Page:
Highlights of the Iron Age Road site included a wooden stadium bench piece by Nate Page for contemplating a sublimely beautiful and distant mountain range to the north of the location. Patrick Gilbert's "Prospecting" sitework incorporates a foundation floorplan of a one-room Small Tract homestead that references the surrounding abandoned cabins of Wonder Valley. His "ghost" cabin is nearly absent except for a framed foundation fencing in an arrangement of Russian thistle specimens (commonly known as tumbleweed) carefully trimmed in an effort to control this introduced invasive exotic that is contained within the implied structure.

Patrick Gilbert's Prospecting. | Photo Kim Stringfellow
Patrick Gilbert's "Prospecting." | Photo: Kim Stringfellow.

More amusing were Matthew Usinowicz's Left at Alburquerque chain link and carrot structure/sculpture, and Lara Bank's "Dead Garden," which was a bleak but comedic garden/graveyard comprised of various donated failed potted plants all done up in a Western ghost town graveyard aesthetic.

Lara Bank's Dead Garden. | Photo Kim Stringfellow.
Lara Bank's "Dead Garden." | Photo: Kim Stringfellow.

One of my favorites was a performative project by Dutch artist, Ruchama Noorda titled, "Diopharma." Noorda conceived a makeshift spa environment where she collected local earth and plant material that, for her, comprised the "essence" of the surrounding site. Formed into small, compressed lozenge-like dirt disks, her project seemed to channel the mail order health quackery of early 20th century desert healer and self-proclaimed minister, Dr. Curtis Howe Springer of Zzyxx fame. Samples from other locations including Antelope Valley's Llano del Rio failed socialist colony were displayed among photographs of the various sites she has visited and sourced.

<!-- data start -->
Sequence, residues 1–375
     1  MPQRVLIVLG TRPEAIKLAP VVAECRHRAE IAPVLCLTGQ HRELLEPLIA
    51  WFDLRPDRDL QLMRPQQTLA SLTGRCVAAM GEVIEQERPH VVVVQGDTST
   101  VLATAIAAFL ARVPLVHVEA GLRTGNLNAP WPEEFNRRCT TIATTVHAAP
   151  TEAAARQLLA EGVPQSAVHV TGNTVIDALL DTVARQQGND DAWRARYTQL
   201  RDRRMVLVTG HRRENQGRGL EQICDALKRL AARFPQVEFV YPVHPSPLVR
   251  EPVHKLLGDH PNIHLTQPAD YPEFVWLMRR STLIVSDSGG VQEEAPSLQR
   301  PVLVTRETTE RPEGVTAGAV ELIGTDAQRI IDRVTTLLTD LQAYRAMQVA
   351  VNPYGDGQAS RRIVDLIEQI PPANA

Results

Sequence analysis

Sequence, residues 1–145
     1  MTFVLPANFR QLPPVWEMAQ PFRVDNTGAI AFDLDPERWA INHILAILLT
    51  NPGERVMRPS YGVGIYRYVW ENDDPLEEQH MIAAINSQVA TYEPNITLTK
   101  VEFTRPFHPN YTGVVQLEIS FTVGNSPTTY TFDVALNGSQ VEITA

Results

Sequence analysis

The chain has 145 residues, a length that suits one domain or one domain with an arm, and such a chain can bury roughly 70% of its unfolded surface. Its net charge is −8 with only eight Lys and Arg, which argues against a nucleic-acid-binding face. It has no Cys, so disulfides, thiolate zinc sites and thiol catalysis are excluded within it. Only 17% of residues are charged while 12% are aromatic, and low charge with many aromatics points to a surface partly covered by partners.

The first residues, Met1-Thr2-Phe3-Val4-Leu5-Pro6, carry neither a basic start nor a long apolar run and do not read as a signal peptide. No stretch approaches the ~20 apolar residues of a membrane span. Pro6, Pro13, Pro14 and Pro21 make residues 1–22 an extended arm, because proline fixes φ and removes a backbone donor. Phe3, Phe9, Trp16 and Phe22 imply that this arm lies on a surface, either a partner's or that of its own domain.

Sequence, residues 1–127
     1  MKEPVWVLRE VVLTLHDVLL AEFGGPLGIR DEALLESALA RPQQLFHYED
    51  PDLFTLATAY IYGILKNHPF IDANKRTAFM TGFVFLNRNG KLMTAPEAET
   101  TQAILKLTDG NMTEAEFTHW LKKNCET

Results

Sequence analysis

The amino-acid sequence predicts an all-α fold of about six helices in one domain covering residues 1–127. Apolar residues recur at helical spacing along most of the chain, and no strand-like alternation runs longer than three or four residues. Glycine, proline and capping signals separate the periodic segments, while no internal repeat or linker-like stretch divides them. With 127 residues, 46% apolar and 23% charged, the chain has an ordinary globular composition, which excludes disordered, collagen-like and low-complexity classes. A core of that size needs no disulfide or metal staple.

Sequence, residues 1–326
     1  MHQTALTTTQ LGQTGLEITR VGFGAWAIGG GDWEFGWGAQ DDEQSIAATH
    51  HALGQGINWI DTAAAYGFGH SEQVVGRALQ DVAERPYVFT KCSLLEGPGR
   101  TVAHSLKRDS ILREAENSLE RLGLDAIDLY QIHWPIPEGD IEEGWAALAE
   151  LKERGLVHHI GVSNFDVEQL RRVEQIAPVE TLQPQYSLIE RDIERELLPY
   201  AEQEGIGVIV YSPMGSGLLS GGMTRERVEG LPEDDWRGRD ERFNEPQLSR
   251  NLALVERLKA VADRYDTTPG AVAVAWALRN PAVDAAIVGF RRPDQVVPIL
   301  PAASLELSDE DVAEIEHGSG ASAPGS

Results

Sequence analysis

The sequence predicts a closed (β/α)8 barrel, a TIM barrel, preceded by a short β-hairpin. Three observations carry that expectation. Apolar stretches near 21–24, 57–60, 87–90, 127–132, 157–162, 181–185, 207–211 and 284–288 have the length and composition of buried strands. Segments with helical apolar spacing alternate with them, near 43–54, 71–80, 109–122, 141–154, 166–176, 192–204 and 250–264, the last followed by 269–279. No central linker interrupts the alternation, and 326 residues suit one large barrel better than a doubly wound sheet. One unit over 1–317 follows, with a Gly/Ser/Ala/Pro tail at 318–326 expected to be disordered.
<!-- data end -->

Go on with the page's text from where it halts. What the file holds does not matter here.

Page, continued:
Ruchama Noorda's "Diopharma." | Photo Kim Stringfellow.
Ruchama Noorda's "Diopharma." | Photo: Kim Stringfellow.

The other was Sam Scharf's "Home, Sweat, Home," a playful commentary on the anxieties of home ownership in the midst of repeated environmental disasters brought on by human-induced climate change. All that remains of this classic clapboard-style home is the roofline peeking out of a desert wash surrounded by a sad and intermittent white picket fence standing among the creosote. Scharf's piece reminds me of Alfredo Barsuglia's permanent site-specific installation, "Oderfla Beauty Resort" at Steve and Ruth Rieman's property in Famingo Heights.


I failed to visit/experience Nuttaphol Ma's "The China Outpost Overlooking HDTS" durational performance and site-specific installation and several other outlying installations but heard from other visitors that these were intriguing and worth the additional 15 minute walk.

Spectacular Subdivision artists at the El Paseo Ranch site. | Photo Kim Stringfellow.
Spectacular Subdivision artists at the El Paseo Ranch site. | Photo: Kim Stringfellow.

Participating artists included: Matt Allison, Katie Allison, Yuki Ando, Nicole Antebi, Annette Barz, Lara Bank, Allison Danielle Behrstock, James Cathey, Frank Chang, Chelsea Dean, Michael Dodge, Rebecca Bennett Duke, Ken Ehrlich, Patrick Gilbert, Joe Goode, Jenalee Harmon, Anastasia Hill, Dick Hebdige, Oliver Hess, Oree Holban, Olga Koumoundouros, Norm Laich, Jay Lizo, Candice Lin, Clare Little, Justin Lowman, Ben Lord, Nuttaphol Ma, Patrick Melroy, Anna Mayer, Megan Mueller, Ruchama Noorda, Noah Peffer, Nikki Pressley, Ben Pruskin, Nate Page, Carl Pomposelli, Colin Roberts, Marco Rios, Amy Russell, Sam Scharf, Ryan Taber, Emily Thomas, Matthew Usinowicz, Jesse Wilson, and Kim Yasuda.